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I'd like to know whether a person still own any money to a bank if his house ended up foreclosed?

From what I found out it says that yes and the borrower owns the difference that the bank sold the property for. If this is true is there a way to avoid this and prevent a bank to sell the house for less?

It could be a good business for a bank. Sell it to someone they know for $1 and have the borrower to pay the full price still.

Is the bankruptcy the answer? If so how one can turn to a bankruptcy status?

The market target Ohio, USA

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"Sell it to someone they know for $1 and have the borrower to pay the full price still." Except, the borrower will probably wait 7 years until the debt disappears from his credit report without paying a single penny. Also contrary to popular belief, bank auctions of foreclosed properties are very easy to find out about. All it takes is one phone call to the bank. It's in the financial interest of the banks to have as much competition for its auctions as possible. A bank officer could try to sell a property only to a personal friend, but that would be fraud, fraud against the bank itself. – Stephan Branczyk Jan 26 at 23:36
up vote 11 down vote accepted

Yes, the borrower is responsible for paying back the full amount of the loan. Foreclosure gives the bank possession of the property, which they can (and do) sell. Any shortfall is still the borrower's responsibility. But, no, the bank can't sell the property for a dollar; they have to make a reasonable effort. Usually the sale is done through a sheriff's sale, that is, a more or less carefully supervised auction.

Bankruptcy will wipe out the shortfall, and most other debts, but the downside is that most of the rest of your assets will also be sold to help pay off what you owe. Details of what you can keep vary from state to state. If you want to go this route, hire a lawyer.

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@Grasper - most (all?) states have a homestead exemption that protects your home in a bankruptcy. – Pete Becker Jan 26 at 20:30
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it's funny if you say hire a lawyer. How can you pay him if you are bankrupt? – Grasper Jan 26 at 20:31
    
what kind of payments does one how to make after the bank claims the shortfall? – Grasper Jan 26 at 20:33
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@Grasper - you'll find a way, or you'll have to do the bankruptcy yourself and probably end up far worse off. The lawyer's fees can be paid out of the bankruptcy estate (that is, whatever the bankruptcy court gets from selling your assets). – Pete Becker Jan 26 at 20:33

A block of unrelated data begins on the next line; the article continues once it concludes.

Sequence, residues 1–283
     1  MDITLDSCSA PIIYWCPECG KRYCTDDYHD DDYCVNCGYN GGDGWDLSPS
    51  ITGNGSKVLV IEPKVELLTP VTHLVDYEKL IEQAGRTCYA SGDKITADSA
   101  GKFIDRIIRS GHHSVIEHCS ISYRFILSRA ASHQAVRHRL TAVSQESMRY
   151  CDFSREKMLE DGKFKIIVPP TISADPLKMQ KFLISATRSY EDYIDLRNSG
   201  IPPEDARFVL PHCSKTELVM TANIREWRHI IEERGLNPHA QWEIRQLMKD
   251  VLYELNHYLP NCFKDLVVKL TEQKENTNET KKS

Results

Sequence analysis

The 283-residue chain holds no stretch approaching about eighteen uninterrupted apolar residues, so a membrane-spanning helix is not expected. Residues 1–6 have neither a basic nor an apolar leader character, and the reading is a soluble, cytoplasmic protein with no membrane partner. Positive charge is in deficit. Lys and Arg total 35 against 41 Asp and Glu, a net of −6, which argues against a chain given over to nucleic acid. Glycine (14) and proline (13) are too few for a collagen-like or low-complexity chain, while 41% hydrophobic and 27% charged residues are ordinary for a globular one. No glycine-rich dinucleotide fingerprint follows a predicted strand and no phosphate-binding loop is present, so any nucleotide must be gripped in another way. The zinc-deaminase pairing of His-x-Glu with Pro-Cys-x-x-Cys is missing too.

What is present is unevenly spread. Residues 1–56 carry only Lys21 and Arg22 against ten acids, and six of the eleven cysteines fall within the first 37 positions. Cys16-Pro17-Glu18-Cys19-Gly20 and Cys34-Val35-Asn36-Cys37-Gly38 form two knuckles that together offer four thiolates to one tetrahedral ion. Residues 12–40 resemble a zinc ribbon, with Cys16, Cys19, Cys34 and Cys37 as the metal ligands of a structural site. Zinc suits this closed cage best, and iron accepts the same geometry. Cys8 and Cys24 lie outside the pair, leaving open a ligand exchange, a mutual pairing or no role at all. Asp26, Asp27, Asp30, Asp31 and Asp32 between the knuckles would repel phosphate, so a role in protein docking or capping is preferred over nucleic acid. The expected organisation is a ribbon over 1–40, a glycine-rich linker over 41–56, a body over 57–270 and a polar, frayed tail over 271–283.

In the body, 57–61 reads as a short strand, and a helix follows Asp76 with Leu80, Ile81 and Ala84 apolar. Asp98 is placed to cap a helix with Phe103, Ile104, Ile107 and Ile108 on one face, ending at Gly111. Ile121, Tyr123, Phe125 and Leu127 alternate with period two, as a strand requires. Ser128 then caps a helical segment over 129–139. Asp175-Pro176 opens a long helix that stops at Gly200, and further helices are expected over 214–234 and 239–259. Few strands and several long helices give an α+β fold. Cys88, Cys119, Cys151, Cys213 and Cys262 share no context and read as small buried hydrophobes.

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Not necessarily. Many creditors, when they find out someone is handling their bankruptcy pro se, assume that the person doesn't even have money for a lawyer, and don't bother showing up for the hearings. For someone without significant assets and the ability to file the paperwork, it's not that bad an option. – Byron Jones Jan 26 at 22:53

Generally, yes, although not in all states. According to this article in Time:

But in non-recourse states — Alaska, Arizona, California, Connecticut, Florida, Idaho, Minnesota, North Carolina, North Dakota, Texas, Utah, and Washington — the bank has no recourse beyond the repossession of the property.

As for the question about what price the bank can sell it: again, each state makes its own rules, and states may have rules against selling it for much below market value.

Quick Google for "ohio state law foreclosure deficiency judgement market value" turned this up:

Limitation on Deficiency Judgments. The property cannot be sold at foreclosure sale for less than two-thirds of the appraised fair market value. (Ohio Rev. Code §§ 2329.20, 2329.17). (source: http://www.nolo.com/legal-encyclopedia/deficiency-judgments-after-foreclosure-ohio.html)

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well, that's nice but I was asking for Ohio. – Grasper Jan 27 at 13:31
    
Since Ohio is not on the list of non-recourse states, the implication is that it is a recourse state. So the former owner would still be on the hook for the remaining balance. – stannius Jan 27 at 20:47

It is in the bank's interest to sell the property for as much as they can (although it is doubtful they will put as much effort/time into selling it as the owner might). They will certainly not sell it for $1.

The main reason for this is that the bank would prefer to own $100k, than a loan to them from a customer for $100k.

Banks have to discount the value of loans to take into account the likelihood of the loan not being repaid. They classify certain loans as riskier than others, and these are discounted more heavily. An unsecured home loan to a customer that has already defaulted, has no collateral, and now needs to pay rent AND loan repayments would count as an extremely risky loan.

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I thought banks make money from interest rates, not solely from the cash money which they don't own anyway. – Grasper Jan 27 at 13:30
    
@Grasper If the bank has 100k from selling your house, they can now lend that money to someone else who has a better shot at paying them back, with interest, than the person who just showed that they are incapable of paying it back as evidenced by the fact they were foreclosed upon. – Doyle Lewis Jan 27 at 14:19

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